Possibly, the auto industry as we know it may have a very different character this time next year
Well, we are half way through a year that many in the manufacturing sector will want to forget. As this is being written the economic news in the United States (and to some extent globally), although less intense, remains dreary. Moments of pleasure, as expressed in the Slivers of Light featured on the ILS Website, are still vastly outweighed by depressing statistics that show unemployment numbers still too high.
For example the planned nine-week shutdown of all General Motors assembly plants in North America this summer will likely produce havoc among the company’s suppliers. It’s going to be a tough period for these companies, many of them in the “small” category, who are used to the ups and downs of the auto industry if they have been serving that industry for years.
Over the past several decades it has always been feast or famine for suppliers to the Big Three. I can recall chatting with the owner of a small company that supplied the insulating backing for dashboards to one of the Detroit Three. He was on his way to negotiate a contract cancellation and in a surprising acquiescence to the situation shrugged saying, “When you sell to Detroit you knowingly take the good with the bad. When it is good it is very good. When bad it can be awful.”
This attitude and company philosophy may be alien to business consultants, who typically caution not to put all your eggs in one basket. But, for the small contractors having auto as your main customer was always a good gamble. Why, because auto always came back, bigger and better.
Not so this time. Possibly, the auto industry as we know it may have a very different character this time next year. One blogger suggests that China may be the next giant in the U.S. market. If the current administration in Washington has its way the Big Three may end up as the Big Three and ½ with Toyota replacing Chrysler, which becomes the ½. And surely the number of assembly plants and perhaps even badges for survivors will be reduced and along with that numerous subcontractors.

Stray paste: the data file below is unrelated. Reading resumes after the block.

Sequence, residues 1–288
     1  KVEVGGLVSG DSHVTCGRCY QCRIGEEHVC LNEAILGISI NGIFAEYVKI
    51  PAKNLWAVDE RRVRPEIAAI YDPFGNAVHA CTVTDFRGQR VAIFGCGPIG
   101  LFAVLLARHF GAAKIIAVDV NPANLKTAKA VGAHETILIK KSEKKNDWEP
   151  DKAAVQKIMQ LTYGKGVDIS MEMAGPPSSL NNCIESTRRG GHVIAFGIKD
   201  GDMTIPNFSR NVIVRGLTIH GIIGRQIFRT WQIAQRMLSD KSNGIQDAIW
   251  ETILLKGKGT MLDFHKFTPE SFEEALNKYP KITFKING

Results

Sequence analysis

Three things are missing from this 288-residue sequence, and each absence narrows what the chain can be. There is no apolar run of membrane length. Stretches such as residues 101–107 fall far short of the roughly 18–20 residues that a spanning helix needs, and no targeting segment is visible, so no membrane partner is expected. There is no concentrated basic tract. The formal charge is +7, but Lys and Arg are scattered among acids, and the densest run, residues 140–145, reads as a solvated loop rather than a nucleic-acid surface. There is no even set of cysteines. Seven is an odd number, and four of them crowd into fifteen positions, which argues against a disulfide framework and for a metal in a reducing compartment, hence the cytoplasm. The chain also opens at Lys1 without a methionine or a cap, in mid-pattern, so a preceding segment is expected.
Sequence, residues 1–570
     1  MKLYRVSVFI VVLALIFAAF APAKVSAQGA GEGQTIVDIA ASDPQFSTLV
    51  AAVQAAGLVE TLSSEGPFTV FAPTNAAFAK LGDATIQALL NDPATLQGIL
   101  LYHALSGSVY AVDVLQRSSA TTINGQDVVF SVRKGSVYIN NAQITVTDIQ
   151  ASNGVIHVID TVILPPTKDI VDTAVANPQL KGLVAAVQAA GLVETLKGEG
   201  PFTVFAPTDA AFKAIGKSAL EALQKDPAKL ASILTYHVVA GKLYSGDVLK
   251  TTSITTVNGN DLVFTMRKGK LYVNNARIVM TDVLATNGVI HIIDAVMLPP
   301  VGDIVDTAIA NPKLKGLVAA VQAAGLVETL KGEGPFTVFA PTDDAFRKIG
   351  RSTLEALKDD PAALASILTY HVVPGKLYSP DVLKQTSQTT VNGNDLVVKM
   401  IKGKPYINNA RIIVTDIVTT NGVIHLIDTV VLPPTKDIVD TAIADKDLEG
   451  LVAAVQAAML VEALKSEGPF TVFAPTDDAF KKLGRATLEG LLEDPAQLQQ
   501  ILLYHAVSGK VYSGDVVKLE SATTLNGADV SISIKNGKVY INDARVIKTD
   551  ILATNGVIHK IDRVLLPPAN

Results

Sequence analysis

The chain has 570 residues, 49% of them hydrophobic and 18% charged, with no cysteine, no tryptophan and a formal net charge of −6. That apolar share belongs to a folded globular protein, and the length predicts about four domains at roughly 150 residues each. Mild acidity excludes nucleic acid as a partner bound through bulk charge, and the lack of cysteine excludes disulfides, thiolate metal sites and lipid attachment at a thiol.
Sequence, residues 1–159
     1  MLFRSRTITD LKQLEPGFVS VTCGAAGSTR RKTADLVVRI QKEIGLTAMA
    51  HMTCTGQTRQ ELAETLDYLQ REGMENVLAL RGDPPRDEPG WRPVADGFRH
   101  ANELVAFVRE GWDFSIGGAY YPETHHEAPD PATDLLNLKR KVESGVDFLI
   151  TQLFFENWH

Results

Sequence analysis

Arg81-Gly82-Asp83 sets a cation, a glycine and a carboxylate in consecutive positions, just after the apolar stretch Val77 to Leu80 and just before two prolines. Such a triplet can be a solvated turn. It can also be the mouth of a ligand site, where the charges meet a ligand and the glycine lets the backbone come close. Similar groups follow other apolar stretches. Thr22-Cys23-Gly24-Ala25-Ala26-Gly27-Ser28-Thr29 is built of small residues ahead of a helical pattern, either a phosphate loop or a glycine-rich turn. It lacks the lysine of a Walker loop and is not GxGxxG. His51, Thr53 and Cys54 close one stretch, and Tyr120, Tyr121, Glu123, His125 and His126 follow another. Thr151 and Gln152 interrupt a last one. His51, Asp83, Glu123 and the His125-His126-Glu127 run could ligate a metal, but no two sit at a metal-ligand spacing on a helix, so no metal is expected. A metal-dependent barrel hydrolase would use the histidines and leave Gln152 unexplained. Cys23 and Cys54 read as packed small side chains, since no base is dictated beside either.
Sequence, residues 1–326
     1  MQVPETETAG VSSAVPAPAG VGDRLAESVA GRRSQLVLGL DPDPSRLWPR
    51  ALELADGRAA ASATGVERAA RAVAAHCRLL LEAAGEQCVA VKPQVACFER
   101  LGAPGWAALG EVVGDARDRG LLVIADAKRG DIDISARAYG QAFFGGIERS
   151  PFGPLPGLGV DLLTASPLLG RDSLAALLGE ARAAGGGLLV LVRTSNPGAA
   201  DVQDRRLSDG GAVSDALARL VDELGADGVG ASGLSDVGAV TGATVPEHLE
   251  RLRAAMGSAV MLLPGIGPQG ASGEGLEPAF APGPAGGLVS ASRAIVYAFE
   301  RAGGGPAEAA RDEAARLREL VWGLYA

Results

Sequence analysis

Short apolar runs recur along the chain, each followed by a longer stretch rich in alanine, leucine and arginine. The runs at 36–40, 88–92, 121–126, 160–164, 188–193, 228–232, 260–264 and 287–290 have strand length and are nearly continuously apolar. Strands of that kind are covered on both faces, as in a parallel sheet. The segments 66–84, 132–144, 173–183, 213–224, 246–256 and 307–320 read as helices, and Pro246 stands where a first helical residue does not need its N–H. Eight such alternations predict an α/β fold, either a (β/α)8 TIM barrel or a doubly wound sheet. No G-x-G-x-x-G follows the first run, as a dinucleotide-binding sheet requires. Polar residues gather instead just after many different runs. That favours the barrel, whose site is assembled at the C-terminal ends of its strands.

I have concern for all the companies affected, but more so for those Tier 1, 2, and 3 companies who are customers for laser and laser-related products. These are the main users for lasers as they supply the components for the OEMs who get all the headlines. ILS has tracked lasers in the automotive sector for 25 years, and it is interesting to note that the headline installations (for example, the massive use of solid-state lasers to weld Volkswagen products) represent only a small number of the total units sold in any production year. The real number of lasers sold into companies that supply goods to the auto industry is a much larger number.
It is harder to pin down this number because many of these small to medium privately held companies are also suppliers of products to other industries or, if focused on the auto OEMs, are invisible to non-auto observers. How many? If there are a baker’s dozen of OEMs there are, unofficially, several hundred times the number of component suppliers with laser capability. So you can see the concern ILS has for these suppliers, and customers for more lasers, as the majors announce more slowdowns, production cutbacks, and temporary closures.
Dedicated suppliers will no doubt feel the effects immediately, and already have. For them the question is one of survival. Those diversified into other industries will weather this latest in the boom or bust cycles of the auto industry and continue on at some reduced levels. Either way it is not a pretty picture for the next few months.
David A. Belforte